So, how did I know that Balch was a bad player looking at his dice stats? Well, the key is in the bottom half of that image--the Battle Outcomes stats. (Sidenote: the Dice Outcomes stats are useless. You should really never be looking at them. It doesn't matter what you roll, it matters whether that is higher than what the opponent rolls.)
First, a little refresher on how the dice work in relation to these statistics. a 3v2 roll is going to be the most common. That's when you have a 4-stack or bigger and you're rolling against a 2-stack or bigger. You know that every time one of these types of rolls happens, 2 troops are going to die. You don't know whether they will be your opponent's or yours, but you do know that 2 troops will be taken off the board. So we can figure out how many total rolls a player has made by totaling up his kills and losses and dividing it by 2. The same can be done for the rest, but if any player is only rolling 1, then the division is unnecessary.
Now, you don't have any control over what kinds of decisions that your opponent is making, so let's forget about the second row of the second table, which is the defensive stats. And let's not worry about the total either. Only look at the first row of the second table: the Assault row. I'm sure a lot of you figured out instantly where I was going with this when I posted the table. This guy is making a seemingly large number of high-risk attacks, by which I mean attacks where he has less than a 4-stack and therefore less than 3 dice to roll. The numbers seemed very high to me, so that's when I made my comment in the forum.
But then I got to thinking, what is a "good" distribution of attacks? So, I took a somewhat random sample of the following players (their scoreboard ranks are in parentheses):
Kaskavel (1); 100mates (2); Chariot of Fire (20); Jippd (26); Pirlo (190); Agentcom (191)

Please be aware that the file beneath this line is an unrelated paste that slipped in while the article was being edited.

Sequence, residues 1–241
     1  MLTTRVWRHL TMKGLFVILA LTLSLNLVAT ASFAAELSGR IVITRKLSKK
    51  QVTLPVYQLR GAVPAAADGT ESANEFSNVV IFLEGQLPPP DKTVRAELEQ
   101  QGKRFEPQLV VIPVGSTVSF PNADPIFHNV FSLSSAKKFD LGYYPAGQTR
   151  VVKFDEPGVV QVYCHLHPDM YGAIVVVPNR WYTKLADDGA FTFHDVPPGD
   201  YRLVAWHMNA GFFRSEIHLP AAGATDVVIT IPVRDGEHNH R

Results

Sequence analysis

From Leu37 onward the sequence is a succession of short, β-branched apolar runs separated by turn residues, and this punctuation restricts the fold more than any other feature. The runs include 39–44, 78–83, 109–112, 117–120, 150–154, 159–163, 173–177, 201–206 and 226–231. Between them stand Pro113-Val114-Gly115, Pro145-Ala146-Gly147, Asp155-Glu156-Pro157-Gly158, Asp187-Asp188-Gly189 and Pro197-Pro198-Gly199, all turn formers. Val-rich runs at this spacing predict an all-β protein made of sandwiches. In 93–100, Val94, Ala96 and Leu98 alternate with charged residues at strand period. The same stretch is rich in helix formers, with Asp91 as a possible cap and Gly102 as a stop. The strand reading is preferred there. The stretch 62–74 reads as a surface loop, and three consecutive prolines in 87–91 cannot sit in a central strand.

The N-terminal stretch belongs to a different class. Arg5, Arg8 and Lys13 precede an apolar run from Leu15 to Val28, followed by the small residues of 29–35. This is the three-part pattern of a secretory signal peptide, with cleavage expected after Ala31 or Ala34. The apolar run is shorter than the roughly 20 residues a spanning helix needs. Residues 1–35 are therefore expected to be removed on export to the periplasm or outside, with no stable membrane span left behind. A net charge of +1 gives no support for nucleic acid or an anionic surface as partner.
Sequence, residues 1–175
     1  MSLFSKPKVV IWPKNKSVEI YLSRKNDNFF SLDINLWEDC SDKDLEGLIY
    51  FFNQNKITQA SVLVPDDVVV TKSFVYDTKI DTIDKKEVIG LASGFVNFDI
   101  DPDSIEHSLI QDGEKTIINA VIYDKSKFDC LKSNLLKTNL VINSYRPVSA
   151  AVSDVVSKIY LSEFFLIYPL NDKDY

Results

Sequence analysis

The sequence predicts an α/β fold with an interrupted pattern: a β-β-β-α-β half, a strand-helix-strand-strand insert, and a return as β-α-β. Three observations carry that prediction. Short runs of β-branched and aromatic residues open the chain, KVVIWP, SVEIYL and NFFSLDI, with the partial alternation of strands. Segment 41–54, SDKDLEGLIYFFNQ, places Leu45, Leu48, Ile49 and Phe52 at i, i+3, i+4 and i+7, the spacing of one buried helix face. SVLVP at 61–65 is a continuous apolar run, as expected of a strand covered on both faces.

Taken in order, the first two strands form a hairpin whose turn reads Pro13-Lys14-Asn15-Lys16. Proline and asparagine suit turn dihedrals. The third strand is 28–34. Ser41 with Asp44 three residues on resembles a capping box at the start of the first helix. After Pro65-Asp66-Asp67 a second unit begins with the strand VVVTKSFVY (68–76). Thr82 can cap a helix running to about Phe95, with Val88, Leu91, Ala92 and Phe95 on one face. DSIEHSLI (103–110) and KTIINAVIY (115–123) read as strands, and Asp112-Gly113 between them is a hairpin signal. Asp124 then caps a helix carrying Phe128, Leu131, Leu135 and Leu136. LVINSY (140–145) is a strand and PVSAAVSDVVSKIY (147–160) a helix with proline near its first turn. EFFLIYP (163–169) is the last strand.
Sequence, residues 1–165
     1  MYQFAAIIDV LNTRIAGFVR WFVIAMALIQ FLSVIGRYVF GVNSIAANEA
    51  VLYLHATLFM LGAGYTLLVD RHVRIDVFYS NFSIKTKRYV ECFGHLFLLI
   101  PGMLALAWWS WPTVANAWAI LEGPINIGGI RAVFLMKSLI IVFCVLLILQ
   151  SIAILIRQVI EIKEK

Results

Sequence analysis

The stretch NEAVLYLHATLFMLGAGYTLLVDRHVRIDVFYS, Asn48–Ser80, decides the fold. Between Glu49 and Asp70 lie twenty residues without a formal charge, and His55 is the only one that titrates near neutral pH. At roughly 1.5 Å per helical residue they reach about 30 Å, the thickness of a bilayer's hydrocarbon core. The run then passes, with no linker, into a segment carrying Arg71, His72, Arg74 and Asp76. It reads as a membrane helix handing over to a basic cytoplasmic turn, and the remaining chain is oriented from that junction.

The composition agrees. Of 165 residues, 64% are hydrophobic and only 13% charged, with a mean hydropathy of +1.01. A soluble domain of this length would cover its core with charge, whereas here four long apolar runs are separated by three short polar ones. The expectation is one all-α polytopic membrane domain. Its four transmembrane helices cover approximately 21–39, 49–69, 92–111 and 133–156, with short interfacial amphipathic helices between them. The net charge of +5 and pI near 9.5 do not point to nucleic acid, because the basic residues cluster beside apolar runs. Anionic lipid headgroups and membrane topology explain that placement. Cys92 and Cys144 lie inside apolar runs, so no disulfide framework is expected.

I then compared the results to balch who was the complainer in previous post.
I've presented the results in graphic form below. There are some interesting differences that get obscured by the scale, but you can get the big picture by looking at it.
Notice that there are some differences among the good players. CoF apparently really likes the 3v2 roll (more on this below). Jippd is the opposite and seems to seek out the 3v1 roll (which, remember, is rolling a stack of at least 4 against a single). But the biggest relative difference by far is in balch's chart. The disadvantageous rolls that barely even show up in the charts of the other players are clearly being depended on by this player. He is rolling less than a 4-stack a whopping 18.6% of the time that he clicks the "assault" button. The average for the other 7 players, by comparison, is between 5% and 6%. And you can see that it's hurting his game because he ends up with relatively fewer opportunities to roll 3 dice against the defender.
I mentioned that I'd come back to CoF and his high percentage of 3v2 rolls. I think this is reflective of lots of large-map, large-team, no spoils games. Instead of trying to take territs (like rolling 3 dice against 1 die in order to card), he is oftentimes looking to inflict the most damage. That is often done by creating lots of 4-stacks and trimming everything that you can rather than taking any territs. The other players' game choices also probably affect their stats.
I may come back to this at some point and look at a bigger sample or a sample more appropriate to players of team games, but I just thought I'd mention it here. And perhaps some of you may want to look at your dice stats. If you're making disadvantageous rolls more than 6 or 7% of the time, you are outside this range and might want to re-evaluate your strategy. And out of that amount, over half of those disadvantageous attempts should be 2 dice versus 1 die (i.e. an attack from a territ with 3 troops to a territ with 1 troop).